So, just some thoughts on a Monday evening as we prepare for Day 35 without buses - yes, that transit strike I mentioned way back in mid-December before we left for England, is still on-going, and our lives are a bit in upheaval while we try to get to and from work every day. My reading time is completely changed because I don't have that hour or so on the buses each day to read. I am lucky enough to have a really good friend and co-worker who lives near, and we carpool to work, along with a mutual good friend, and another co-worker who shares in the driving. So we have fun rides into work and back - we all are fairly sarcastic people when it comes to our jobs, having been at the office long enough! The good news is, it means I can't really get around the city outside work, so my evenings and weekends are freer for reading! At least the children's school buses aren't affected, although the teachers may go on strke in March.....

Happy reading on this quiet Monday night, everyone!


DesLily said...

you are so right about how we communicate via the computer now.. but I do remember going thru a roll (100) stamps a month.. so that helps shave the cost of high speed for the computer since stamps keep going up and up.

Since your computer ate your last books lists you should consier backing them up on cds! I back up every month so that I don't loose too much when the computer poops out.. and they all do eventually!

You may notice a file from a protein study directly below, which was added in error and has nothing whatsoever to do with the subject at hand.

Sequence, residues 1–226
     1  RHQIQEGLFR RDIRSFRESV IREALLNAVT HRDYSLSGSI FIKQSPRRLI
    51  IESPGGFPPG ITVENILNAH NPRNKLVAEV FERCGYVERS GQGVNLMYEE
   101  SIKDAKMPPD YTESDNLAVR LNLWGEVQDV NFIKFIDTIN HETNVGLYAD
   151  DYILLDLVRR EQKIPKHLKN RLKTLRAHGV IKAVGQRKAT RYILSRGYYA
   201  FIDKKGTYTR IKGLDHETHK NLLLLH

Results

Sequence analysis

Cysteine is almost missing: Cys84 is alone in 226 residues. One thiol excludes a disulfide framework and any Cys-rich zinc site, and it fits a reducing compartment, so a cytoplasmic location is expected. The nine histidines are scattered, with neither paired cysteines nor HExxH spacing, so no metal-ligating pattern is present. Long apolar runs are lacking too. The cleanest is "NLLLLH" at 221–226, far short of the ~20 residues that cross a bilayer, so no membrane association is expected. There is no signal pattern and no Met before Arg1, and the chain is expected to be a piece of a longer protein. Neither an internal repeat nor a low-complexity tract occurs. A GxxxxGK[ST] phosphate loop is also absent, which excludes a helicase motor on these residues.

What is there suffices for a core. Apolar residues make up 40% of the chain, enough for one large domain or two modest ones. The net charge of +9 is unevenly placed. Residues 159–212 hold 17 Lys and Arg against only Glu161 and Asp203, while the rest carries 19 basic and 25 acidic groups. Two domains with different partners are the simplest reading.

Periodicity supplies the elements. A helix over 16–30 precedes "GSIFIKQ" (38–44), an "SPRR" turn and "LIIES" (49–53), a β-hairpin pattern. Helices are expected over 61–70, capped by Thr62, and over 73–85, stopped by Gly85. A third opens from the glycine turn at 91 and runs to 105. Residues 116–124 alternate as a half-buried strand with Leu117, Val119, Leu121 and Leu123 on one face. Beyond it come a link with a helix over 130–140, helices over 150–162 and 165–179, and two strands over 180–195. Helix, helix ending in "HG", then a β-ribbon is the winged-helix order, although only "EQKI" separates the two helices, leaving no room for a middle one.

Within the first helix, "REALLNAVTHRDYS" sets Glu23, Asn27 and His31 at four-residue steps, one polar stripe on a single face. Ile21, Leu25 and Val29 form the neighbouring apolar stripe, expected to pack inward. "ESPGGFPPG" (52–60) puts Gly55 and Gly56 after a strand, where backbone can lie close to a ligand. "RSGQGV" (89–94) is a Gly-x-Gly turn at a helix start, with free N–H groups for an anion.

Nymeth said...

Nick Hornby's taste in books is different from mine too (though less on in more recent essays. He still doesn't read fantasy, but he reads YA. Should we kidnap him and change his mind), but the main reason why I love his essays is because his "reading philosophy" is one I totally identify with. Plus he gets me interested in things I'd never considered reading before. Like Freakonomics! Or author biographies. Lately I've been pondering reading biographies of Virginia Woolf, D.H. Lawrence, Elizabeth Barrett Browning. I bet I'd love them. And Nick Hornby was the one who first got me thinking about this.

Anyway! You're really making me want to read Middlemarch.

Susan said...

Delily: you're so right, we just put our cost of stamps up too! I was thinking more along the lines of, how much has changed and so very quickly about how we communicate in this world.

And I do back up my book lists now!! Thanks, I had to learn the hard way, of course :-)

Nymeth: Yes, Nick makes me want to read stuff I'd never otherwise consider! Which essays or book are his thoughts on biographies of authors in? In Polysyllabic Spree, he's mostly on poets. Which of course makes me wonder about them!

Because I didn't have time in each book store to meander as I would have liked, I didn't bring home a wide variety as I normally would do. Otherwise, there were biographies on my list - Alan Garner's for one - that I really want, and I did see Anne Sexton's, but I can get that here so I didn't get it then. I've read Keats, but I have to go back - I read it in university, and I've forgotten much of it now! I have the Bronte girls I've been trying to get to - Life of Charlotte Bronte especially, and I'd love to get my hands on a good one of Ted Hughes...there are so many good books out there to read, aren't there? :-)